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I'm relatively new to Android, and I'm trying to port an app from iOS, which does something slightly unconventional.

My app has an in-house xml language for representing GUI (kind of our own nib/xib in iOS or res/layout/whatever.xml in android, believe me, we had no choice), and an inflation mechanism that inflates this xml and builds a view controller and view instances.

As a result, in iOS, my app had several live UIViewController instances of the same class (added and removed from the navigation stack as necessary) which were all inflated once (from different XMLs) and remained alive as long as the app was.

Now, I'm a bit unsure about the correct way to do this in Android. Ideally, I would like to be able to create instances of an Activity class, each with its views inflated from our xml language, and do the navigation between then. However, to my understanding this is not possible in Android (since activities are started by intents, and created by class).

  1. Is it true that I would not be able to keep activities alive and at the same time - not on stack (i.e. "back" always kills activities)?
  2. If so, does this mean I need to inflate the activities and all their views from xml, every time I navigate "forward" (serious performance issue), or is there an alternative?
  3. Is it reasonable to at least save the parsed xml structure in an Application subclass, so the inflation will be faster?
  4. Would it make sense to only send (on creation) and save (for persistency) an activity identifier to the new activity instance, and have it go to my Application subclass, and inflate itself / get its state by identifier?

In general, assuming having the GUI inflated from XML is a must, and I would like to minimize the need to re-inflate the GUI, what would you suggest as the cleanest solution?

Any other tips will be greatly appreciated… Thanks!

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1 Answer 1

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I am not 100% sure I understand your situation - I think what you are saying is that you've got custom XML that defines your layouts and controllers. I am going to answer based on that, correct me if I'm wrong.

First, your questions show an understanding of the problems you face if you go down your current path. I'm not going to answer them individually because I think there's a better solution - use Fragments via the compatibility package.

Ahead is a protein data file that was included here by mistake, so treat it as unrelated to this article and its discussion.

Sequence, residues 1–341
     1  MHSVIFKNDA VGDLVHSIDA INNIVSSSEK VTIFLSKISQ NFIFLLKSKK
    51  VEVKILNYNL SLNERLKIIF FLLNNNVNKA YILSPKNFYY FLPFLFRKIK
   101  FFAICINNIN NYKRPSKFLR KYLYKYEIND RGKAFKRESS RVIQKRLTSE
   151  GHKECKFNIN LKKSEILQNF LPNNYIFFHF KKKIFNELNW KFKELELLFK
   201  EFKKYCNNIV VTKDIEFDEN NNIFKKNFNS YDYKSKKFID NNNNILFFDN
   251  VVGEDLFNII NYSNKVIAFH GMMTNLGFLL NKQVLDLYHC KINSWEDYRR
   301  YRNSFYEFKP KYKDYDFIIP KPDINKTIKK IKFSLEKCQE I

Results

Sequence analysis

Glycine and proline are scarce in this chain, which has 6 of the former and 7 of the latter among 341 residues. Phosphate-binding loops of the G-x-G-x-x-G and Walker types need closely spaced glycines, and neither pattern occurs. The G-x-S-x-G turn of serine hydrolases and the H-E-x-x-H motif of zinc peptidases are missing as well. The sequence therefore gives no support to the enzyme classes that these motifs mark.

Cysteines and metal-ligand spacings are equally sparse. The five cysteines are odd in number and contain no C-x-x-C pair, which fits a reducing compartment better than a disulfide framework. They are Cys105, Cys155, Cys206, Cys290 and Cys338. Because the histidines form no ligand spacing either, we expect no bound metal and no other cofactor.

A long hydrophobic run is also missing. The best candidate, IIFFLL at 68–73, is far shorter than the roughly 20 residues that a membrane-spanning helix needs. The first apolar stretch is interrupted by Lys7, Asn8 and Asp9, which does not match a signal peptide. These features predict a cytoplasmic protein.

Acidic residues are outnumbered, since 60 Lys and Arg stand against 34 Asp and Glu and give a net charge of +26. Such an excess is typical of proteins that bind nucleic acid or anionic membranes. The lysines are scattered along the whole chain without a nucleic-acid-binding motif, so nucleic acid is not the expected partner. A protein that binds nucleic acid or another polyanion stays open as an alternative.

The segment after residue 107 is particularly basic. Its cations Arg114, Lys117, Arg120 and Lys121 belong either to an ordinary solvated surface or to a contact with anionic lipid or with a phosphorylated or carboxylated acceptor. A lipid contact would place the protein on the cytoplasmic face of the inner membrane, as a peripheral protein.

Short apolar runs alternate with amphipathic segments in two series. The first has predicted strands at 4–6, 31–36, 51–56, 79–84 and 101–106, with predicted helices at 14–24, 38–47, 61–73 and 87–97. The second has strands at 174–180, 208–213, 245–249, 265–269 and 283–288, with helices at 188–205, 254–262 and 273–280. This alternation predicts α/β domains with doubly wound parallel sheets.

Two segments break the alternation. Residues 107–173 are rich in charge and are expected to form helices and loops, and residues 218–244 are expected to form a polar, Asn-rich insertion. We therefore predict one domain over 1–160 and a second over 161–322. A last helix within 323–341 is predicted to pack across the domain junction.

The way Fragments work is that you have a single Activity, then a series of Fragments inside of it that define the UI. For phones, this ends up looking the same as an Activity-based application. But in your case, it will provide a few bonuses:

  • Fragments can be created dynamically in code.

  • Fragments can be popped off the stack, but kept in memory so you can re-add them later.

  • You can store all of your pre-parsed XML in a retained, invisible Fragment instance (instead of the global Application subclass).

This isn't to say there are no problems with Fragments - there may be limitations there as well (I've only recently started working with them). But I would give them a look to see if they might solve your problem.

Another alternative would be to write a transformation (pre-processed) between your in-house XML and Android's XML. Android's XML View creation is pretty fast because it's optimized for it.

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Thanks, and sorry if my explanation was poor. I'm (sort of) glad I didn't miss something basic. Making sure I understood your suggestion: (1) You mean fragments can be created in code, as opposed to activities which are created by the framework using intents? (2) Aren't fragments just components within activities, so that navigation is always between activities, and the stack is only of activities? Do you suggest having a single activity and adding/removing fragments within it to "simulate" navigation? (3) Isn't the retaining mechanism of fragments good just for immediate recreation? Thanks! – DannyA Oct 6 '11 at 14:58
Going to answer this piece by piece: (1) Yes, you don't need any Intents or manifest changes to use Fragments. They can be created in code. – Daniel Lew Oct 6 '11 at 15:50
(2) Fragments can add themselves to the back stack, so you get the same stack-like behavior that Activities have. One of the design models with a Fragment-based app is to have a single Activity with a bunch of Fragments inside of it, so you could certainly do that. – Daniel Lew Oct 6 '11 at 15:52
(3) I don't know the full extent of recreating Fragments, but I know you can just remove a Fragment from the Activity without having to destroy it (it'll just detach from the Activity until you re-attach it). That said, the detachment seems to destroy all Views associated with the Fragment, so it may not work exactly the way you want. – Daniel Lew Oct 6 '11 at 15:53
Thanks for your answer and clarifications! After looking at more usage examples of Fragments, this does seem like a reasonable way to achieve my goal, thought it'll take me a while to verify... I changed the title to something less specific so the answer might help more people. – DannyA Oct 7 '11 at 8:43

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